Wednesday, February 10, 2010


Paris is full of old buildings and art of centuries past. Sometimes amid all that history and tradition, the modern can get overlooked. Recently, however, it took center stage when I attended a private viewing of  the Monumenta 2010 exhibit of Christian Boltanski's Personnes at the Grand Palais. Boltanski, born in France in 1944, is considered one of the leading artists on the contemporary scene although he, himself, views his art as being very traditional and classic.  

In Personnes, visitors are invited to become part of the installation. In French the word personne means both somebody and nobody. The exhibit, according to Boltanski, is about the transition between "being" and "no longer being," between somebody and nobody.  That statement alone is enough to evoke the powerful sense of oppression that Boltanski seeks, along with "an episode of spectacular motion and sensations exploring the nature and meaning of human existence." 

About 50 personnes - some of whom certainly looked like somebodies - all of us experiencing a sensation of extreme cold, waited for the enormous doors of the Grand Palais to open. When they did, what we saw was a tall wall of numbered metal boxes, completely blocking the view of the acres-long nave of the Grand Palais. Inside perhaps are  ashes -  or memories  - or nothing. 

The next thing you notice is that it is just as cold inside as out and that there is a deafening noise. It comes from a huge crane poised over a five ton, 100-foot high mountain of clothes. The red jaws descend, randomly pick up some clothes, lift them up to the ceiling and drop them back onto the pile.  Again and again and again. The hand of God? The randomness of fate? The individuality of each human existence? The guides, bundled up in down coats, were giving explanations, but it was difficult to hear them over another sound - that of 69 heartbeats being broadcast from speakers mounted on metal poles. The poles surround  69 cemetery-like rectangles laid out on the vast floor of the Grand Palais. Discarded clothes, starkly illuminated by lamps strung from the metal poles, are neatly spread out in each rectangle.  If you place your hand on any of the poles, you can feel the vibration of an individual heartbeat, previously indistinguishable among the masses.

In a separate project entitled Archives du coeur, Boltanski has collected the sounds of 40,000 heartbeats of people from around the world. Visitors to Personnes can have their own heartbeat added to the collection and about 10,000 people, including me, have done so. In that way, says Boltanski, the sound of a beating heart becomes a symbol of life to oppose time's passage to oblivion. The recordings will be protected from the ravages of time on the privately-owned island of Teshima in the Inland Seto Sea in Japan. So long after I'm gone, descendants not yet born can go to Teshima and ask for me by name. I'll be there ticking away in a kind of techno immortality.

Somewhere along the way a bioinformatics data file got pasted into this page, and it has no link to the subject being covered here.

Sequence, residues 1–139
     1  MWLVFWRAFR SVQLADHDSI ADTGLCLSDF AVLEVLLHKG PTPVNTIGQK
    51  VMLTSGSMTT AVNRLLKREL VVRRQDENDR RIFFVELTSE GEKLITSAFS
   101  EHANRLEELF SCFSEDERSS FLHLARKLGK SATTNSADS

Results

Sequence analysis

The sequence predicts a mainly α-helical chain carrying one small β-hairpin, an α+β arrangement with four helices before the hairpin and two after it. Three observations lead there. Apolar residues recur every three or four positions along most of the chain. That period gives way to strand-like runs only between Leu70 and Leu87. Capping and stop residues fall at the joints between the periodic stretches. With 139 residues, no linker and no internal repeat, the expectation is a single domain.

Immersing myself in the installation, I walked back and forth contemplating the profound questions wordlessly posed by this monumental exhibit. I must admit, however, that every now and then, my attention was grabbed by a particularly attractive coat or sweater. Could I just take one? They belong, after all, to everyone and, at the same time, to no one. 

Afterwards I learned that the clothes, in fact, belong to a recycling company and will be returned when the exhibit closes at the end of February. The 400 metal poles and the lamps also will be recycled.  "There must be nothing left of the exhibition," says Boltanski 

Personnes has attracted a lot of attention in Paris and everyone has an opinion on its meaning and worth. As I was leaving, however, I overheard somebody make what may well be the definitive comment on the exhibit:  
"Le néant, c'est tres à la mode à ce moment." 
"Nothingness is very fashionable right now!"

To see more photos, click here.
To find modern art in Paris, click here.


                                                            A bientôt,


Photos by Geraldine Calisti Kaylor


  1. Wow! What a fascinating exhibit you described here, Geraldine. I love the notion of the heartbeats, and I admit to laughing out loud to read your comment about the sweaters here at the end of your post. Thanks for sharing that with us. What an interesting installation.

  2. Pretty wonderful. Wish it were staying into April. Thanks.

  3. Geraldine--
    I have just discovered your blog, thanks to Adrien Leeds (Parler Paris). I love France and also love Ann Arbor, where I lived on Brookwood Street (near Packard) as a child! I have only been back there one time. Your beautiful photos of Ann Arbor brought back fond memories of the city of Ann Arbor, with its beautiful trees, sidewalks made for skating and bike riding, and the lovely buildings of the U. of M. Thanks! jr
    in San Diego


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